Virat Kohli and Rohit Sharma starred in India’s strong batting performance in Australia but only one of that pair has conquered all three formats.
Kohli has gone from strength to strength in all forms of the game; his Test performances are littered with overseas centuries and the only glaring exception is England. Two solid innings on the bouncy WACA pitch in 2012, followed by a century in Adelaide seemed to provide the self belief he required to excel at the Test level.
Similarly, Rohit made a big impression in Australia as a young batsman in the 2007-08 ODI series. He followed a substantial innings in Canberra with an impressive knock to help India win the first final at the SCG. He was involved in a match-turning partnership with Sachin Tendulkar at the SCG and he was by no means overshadowed by the Little Master.
I felt those innings would be the making of Rohit --- he handled the extra bounce of Australian pitches with ease --- but success didn’t follow automatically. A couple of years later at the Kensington Oval in Barbados, he countered Australia’s fast short-pitched attack, to be not only the last man standing but also the only India batsman to enhance his reputation. Finally, this appeared to be the performance which would launch Rohit’s international career but sadly it was another false dawn.
It wasn’t until early 2013 when he was elevated to the top of the ODI batting order that his career really took off. The runs flowed from his bat in a stream of exquisite drives and powerful pull shots and he was rewarded with a Test spot. He responded with back-to-back centuries against the West Indies and at last it appeared the vast promise he’d shown in 2008 was about to be fulfilled.
However, it hasn’t shown at the Test level, as despite numerous heroics in short-form cricket, including a gargantuan 264 and another ODI double century, he’s stumbled from one disappointment to another in the longest form of the game.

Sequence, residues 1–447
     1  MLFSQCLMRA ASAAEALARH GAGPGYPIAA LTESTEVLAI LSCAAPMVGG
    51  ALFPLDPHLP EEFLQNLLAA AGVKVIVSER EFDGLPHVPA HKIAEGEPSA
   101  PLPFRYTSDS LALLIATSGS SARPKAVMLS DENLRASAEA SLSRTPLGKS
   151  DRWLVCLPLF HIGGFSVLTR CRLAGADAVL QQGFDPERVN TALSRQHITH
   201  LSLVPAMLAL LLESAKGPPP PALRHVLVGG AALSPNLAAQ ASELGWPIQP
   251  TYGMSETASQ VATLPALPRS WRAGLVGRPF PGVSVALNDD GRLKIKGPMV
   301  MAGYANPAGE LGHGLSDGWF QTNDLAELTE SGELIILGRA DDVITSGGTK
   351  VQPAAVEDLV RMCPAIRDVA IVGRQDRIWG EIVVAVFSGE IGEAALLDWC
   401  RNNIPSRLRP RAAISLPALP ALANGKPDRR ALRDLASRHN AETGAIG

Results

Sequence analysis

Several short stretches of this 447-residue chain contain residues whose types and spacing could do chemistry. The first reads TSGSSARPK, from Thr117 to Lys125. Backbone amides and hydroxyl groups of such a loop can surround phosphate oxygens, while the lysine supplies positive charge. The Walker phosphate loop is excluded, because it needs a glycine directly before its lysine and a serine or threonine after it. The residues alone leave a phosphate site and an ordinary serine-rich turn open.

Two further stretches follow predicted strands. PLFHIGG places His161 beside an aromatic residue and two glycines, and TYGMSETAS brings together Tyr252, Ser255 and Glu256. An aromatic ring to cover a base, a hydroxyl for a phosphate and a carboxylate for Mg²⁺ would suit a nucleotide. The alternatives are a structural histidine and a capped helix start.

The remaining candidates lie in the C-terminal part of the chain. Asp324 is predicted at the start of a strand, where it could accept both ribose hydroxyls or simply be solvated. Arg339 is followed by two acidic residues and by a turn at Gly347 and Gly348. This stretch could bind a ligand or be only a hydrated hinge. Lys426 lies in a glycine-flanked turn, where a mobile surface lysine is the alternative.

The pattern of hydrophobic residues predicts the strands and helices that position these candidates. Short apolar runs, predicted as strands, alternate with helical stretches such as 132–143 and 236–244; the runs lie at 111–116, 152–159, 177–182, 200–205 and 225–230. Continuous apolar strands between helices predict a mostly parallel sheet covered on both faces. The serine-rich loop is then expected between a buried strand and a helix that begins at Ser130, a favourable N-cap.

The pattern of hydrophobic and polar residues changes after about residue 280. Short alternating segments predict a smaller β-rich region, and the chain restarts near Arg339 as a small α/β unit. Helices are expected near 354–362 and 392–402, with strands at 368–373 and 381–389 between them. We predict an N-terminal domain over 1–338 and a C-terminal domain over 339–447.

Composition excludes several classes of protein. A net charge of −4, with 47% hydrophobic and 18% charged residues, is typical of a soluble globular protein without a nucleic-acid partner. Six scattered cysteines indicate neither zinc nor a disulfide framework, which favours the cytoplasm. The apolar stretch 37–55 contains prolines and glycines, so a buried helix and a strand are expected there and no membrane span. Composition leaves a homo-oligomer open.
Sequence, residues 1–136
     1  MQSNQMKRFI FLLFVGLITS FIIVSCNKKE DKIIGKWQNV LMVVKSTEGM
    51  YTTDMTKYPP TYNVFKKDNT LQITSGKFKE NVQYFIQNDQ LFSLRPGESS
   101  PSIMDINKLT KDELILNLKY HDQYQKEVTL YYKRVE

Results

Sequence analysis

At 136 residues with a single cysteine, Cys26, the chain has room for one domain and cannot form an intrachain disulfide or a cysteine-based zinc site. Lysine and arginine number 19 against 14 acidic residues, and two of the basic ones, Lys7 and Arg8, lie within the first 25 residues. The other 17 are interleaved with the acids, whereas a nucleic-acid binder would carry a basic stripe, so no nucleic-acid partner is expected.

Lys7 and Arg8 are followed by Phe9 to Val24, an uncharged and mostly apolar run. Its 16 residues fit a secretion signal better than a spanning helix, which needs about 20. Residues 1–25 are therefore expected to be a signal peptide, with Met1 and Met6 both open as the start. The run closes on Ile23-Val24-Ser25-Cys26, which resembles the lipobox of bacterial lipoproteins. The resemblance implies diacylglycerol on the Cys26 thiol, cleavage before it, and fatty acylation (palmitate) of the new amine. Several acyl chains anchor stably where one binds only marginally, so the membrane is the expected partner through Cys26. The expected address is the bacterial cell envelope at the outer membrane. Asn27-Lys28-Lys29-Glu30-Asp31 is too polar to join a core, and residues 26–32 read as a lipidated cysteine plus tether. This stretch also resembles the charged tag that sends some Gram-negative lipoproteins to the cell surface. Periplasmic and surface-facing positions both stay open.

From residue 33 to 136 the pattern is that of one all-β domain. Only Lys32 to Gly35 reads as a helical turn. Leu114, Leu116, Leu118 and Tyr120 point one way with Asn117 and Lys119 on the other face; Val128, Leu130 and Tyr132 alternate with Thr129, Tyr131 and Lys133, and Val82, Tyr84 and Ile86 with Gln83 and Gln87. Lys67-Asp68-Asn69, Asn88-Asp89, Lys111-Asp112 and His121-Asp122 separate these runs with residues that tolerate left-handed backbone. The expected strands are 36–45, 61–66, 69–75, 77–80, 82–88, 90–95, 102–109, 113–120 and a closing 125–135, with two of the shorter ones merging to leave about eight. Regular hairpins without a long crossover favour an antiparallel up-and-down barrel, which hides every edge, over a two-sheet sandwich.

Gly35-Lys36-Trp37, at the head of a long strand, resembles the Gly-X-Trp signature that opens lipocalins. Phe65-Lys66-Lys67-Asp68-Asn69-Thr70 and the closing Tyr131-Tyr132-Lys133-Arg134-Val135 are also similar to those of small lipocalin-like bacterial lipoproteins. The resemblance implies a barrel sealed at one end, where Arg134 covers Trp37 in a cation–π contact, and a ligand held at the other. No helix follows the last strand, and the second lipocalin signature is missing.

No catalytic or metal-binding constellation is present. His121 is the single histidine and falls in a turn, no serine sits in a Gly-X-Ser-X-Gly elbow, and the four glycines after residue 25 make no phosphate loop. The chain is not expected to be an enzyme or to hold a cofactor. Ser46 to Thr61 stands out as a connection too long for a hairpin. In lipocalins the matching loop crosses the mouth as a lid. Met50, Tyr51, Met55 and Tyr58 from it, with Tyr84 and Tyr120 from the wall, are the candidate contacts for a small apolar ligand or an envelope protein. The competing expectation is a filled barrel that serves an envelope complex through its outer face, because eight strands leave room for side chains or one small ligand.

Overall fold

Meanwhile, Kohli’s batting has surged in all forms and he’s now an Indian idol, as well as captain of the Test side. He can be passionate and fiery on the field but most of the time when he’s batting his stroke-play is controlled and calculated.
The tougher the task, the more he’s inspired. I haven’t seen better batting in the fourth innings than his enterprising century at the Adelaide Oval, where he narrowly missed guiding India to an incredible victory.
Kohli slipped easily into the large shoes of Sachin Tendulkar at No 4 by not only understanding his responsibilities but also his style of play. Rohit, on the other hand, has struggled to find a permanent spot in the Test line-up and seems no closer to unearthing a suitable style to fit the format.
There are a number of things holding Rohit back as a Test batsman. He’s ideally suited to the No 3 spot but despite chances, hasn’t made it his own. However, his biggest failing is not coming to grips with a batting rhythm that suits him at the Test level.
I wonder if one of his problems isn’t similar to what seemed to inflict Gordon Greenidge. The West Indies opener was a fine player but like a startled tortoise he’d retreat into his shell when Viv Richards joined him at the crease. At times, in Test cricket Rohit seems overawed by Kohli and his reputation, and struggles to play in his shadow.
This is another reason, apart from his skill, why No 3 would be the ideal spot for Rohit. Coming to the crease prior to Kohli would provide him with a chance to become established before the arrival of the ‘big gun’.
It’ll be a pity if Rohit doesn’t come to terms with Test batting, not just for his own sake but also for the fans. In full cry, the Rohit-Kohli combination at three and four would be hard to contain.